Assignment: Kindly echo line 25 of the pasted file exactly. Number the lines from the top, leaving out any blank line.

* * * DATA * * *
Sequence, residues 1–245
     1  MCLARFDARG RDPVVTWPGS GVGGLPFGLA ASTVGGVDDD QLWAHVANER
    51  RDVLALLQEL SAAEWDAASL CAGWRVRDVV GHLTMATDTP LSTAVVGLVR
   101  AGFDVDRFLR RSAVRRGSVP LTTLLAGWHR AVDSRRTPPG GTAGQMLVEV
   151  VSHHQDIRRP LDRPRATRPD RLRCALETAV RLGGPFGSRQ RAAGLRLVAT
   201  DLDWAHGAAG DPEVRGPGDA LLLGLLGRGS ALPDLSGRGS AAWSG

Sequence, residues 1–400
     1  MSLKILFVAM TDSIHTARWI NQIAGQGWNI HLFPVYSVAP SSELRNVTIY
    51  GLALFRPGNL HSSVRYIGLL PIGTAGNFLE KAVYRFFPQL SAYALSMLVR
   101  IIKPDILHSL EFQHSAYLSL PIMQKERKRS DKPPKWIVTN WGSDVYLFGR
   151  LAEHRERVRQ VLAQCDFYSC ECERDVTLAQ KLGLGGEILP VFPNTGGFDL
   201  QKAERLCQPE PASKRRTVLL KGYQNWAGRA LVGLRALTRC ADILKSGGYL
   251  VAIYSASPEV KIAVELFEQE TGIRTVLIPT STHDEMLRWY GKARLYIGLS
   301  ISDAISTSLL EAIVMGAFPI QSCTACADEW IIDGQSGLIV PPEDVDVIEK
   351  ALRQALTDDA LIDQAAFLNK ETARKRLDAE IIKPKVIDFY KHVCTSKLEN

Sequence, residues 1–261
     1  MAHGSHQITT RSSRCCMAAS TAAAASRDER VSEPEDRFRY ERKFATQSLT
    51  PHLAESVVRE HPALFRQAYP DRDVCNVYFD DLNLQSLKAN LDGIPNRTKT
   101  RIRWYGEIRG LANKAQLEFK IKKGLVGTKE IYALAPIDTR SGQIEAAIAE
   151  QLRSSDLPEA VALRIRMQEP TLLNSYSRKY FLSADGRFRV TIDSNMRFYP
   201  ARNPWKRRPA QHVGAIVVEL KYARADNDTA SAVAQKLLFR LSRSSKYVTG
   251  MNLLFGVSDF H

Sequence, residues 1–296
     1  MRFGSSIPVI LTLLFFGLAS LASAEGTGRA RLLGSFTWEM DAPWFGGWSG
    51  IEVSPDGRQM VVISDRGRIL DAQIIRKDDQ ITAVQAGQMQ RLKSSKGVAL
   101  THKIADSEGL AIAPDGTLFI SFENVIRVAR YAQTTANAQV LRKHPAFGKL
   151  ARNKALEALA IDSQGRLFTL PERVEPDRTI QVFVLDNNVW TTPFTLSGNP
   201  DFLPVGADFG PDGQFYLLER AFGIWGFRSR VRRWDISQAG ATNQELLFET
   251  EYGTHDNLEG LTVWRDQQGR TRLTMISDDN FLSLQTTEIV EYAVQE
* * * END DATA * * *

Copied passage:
    51  IEVSPDGRQM VVISDRGRIL DAQIIRKDDQ ITAVQAGQMQ RLKSSKGVAL